Hitman Beta

Disclaimer: This beta was enjoyed on PC. Minor spoilers ahead.

Today, I got the opportunity to play through Io Interactive’s Hitman beta. I have been really excited for the return of 47, my favorite bald-headed, barcoded assassin. Sometimes public betas are a disaster, but this certainly was not, although it was rather short.

The beta is comprised of two training missions and will also represent the full prologue for the game when it launches on March 11th. It tells the story of how 47 got started with the ICA and how he became associated with his handler, Diana Burnwood. I’ve played through each of the two mission multiple times now, eliminating my target a different way each time.

ICA's secret training facility
ICA’s secret training facility

In the beta (and I’m assuming it’ll be in the full game too), Io has added a new twist to the various ways in which missions can be completed. Specifically, when NPC’s are having a conversation amongst themselves and 47 moves close enough to hear it, and if said dialogue pertains to an important clue or method by which to kill 47’s target, then a player can opt to “track” that line of dialog. Once a player has opted to track this conversation, new objective markers will appear on-screen directing the player to places or things of significance that are necessary to achieve 47’s goal using this new information.

Let me give an example. On the second mission I overheard a conversation between two fighter jet mechanics; one was telling the other that it was necessary to give 47’s mark a safety briefing on the jet’s ejection seat. A new objective marker popped up that took me straight to another mechanic who was all alone. Enough said—kill him and get the uniform. Done.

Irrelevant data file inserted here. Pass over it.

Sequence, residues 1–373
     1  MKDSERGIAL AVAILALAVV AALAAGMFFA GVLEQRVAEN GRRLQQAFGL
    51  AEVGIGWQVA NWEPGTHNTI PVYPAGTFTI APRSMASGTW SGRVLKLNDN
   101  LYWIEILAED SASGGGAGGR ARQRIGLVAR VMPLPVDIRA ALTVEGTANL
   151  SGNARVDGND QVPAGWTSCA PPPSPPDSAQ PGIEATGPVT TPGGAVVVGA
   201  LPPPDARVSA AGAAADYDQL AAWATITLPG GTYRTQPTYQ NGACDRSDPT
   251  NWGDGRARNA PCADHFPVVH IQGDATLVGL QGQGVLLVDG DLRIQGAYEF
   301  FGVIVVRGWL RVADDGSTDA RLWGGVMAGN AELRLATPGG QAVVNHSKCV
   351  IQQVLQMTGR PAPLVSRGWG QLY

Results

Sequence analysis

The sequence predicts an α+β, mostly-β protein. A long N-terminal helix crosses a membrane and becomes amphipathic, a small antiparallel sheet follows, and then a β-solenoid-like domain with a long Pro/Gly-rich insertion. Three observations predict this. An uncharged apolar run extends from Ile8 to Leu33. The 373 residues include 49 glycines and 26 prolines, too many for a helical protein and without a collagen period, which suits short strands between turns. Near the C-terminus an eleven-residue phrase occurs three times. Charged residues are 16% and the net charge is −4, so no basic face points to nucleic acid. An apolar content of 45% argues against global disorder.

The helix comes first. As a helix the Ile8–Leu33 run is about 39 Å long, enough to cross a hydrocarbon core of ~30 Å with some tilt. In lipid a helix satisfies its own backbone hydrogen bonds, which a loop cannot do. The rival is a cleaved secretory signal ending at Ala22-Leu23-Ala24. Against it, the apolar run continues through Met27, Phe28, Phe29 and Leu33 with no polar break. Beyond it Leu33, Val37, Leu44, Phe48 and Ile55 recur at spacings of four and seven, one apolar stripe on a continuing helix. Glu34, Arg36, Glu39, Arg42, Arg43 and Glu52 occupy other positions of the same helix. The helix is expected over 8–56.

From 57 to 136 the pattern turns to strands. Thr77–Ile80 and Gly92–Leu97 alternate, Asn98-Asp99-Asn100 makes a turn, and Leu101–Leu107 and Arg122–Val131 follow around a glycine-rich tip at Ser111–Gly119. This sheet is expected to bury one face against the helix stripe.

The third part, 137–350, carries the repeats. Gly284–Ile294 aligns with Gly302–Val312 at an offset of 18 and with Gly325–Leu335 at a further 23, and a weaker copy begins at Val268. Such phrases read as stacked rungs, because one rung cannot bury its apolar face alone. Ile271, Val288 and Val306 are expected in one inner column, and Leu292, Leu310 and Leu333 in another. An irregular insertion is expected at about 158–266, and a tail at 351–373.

The next marker pops up and directs me to a spot on the fuselage of the fighter jet. I proceed to “fix” the ejection seat mechanism. Ok, now what? Strangely, the hints and markers stopped here. Clearly, the idea was to cajole my target into the cockpit and have him eject himself to death under the poor guise of a safety check. Eventually, I figured out I could actually speak to my target and just ask him to perform the safety check with me. He followed willingly, one thing led to another and, well…he ejected himself. Mission accomplished.

Up, up and away!
Up, up and away!

It’s a departure from past Hitman games where players still had many possible methods for completion, only they weren’t spelled out rather obviously with markers. In the few times I’ve done it, I found it helpful, but I’m worried it gives too much away, lifting some of the challenge and mystique from Hitman’s normally unobvious nature. It might be a nice feature for novices, but not for hardcore Hitman fans.

The gameplay mechanics and controls were easy and familiar, making it very intuitive to pick up. The graphics are fantastic and the environments are detailed, leaving little to the imagination. Frankly, the whole experience felt very finished, more than I’d expected.

Io has always been good at creating realistic and humorous dialog that seems natural; I’m pleased to say the NPC’s this time around are no different, perhaps better. I overheard two ladies saying something to the effect of, “Oh my God! Have you tried this ‘texting’ thing yet? It’s addictive!” There was also some great back and forth banter between the target I was stalking and his business associate about how they hated technology—while they were standing in front of a CRT monitor circa 1995.

Hitman (the beta, at least) feels like Hitman, only newer—and that’s also what worries me.

I’m glad 47 is back. And yet, I worry that Hitman could suffer by not doing enough to be unique, to differentiate itself from its past versions and not taking risks. I realize this is only the beta, that things will change, missions and maps will become far more complex and challenging, but I hope Io has something up their sleeve to set this game apart from its past.

About Mike Pearce 54 Articles
Born and raised in the greater Seattle area, I love the written word and have a passion for travel, video games, sports (go Sounders, go Hawks), food and people. When I’m not writing about one of my aforementioned passions, I’m spending time with my lovely wife, my friends, or my crazy Mexican street dog, Carlos.
Contact: Twitter

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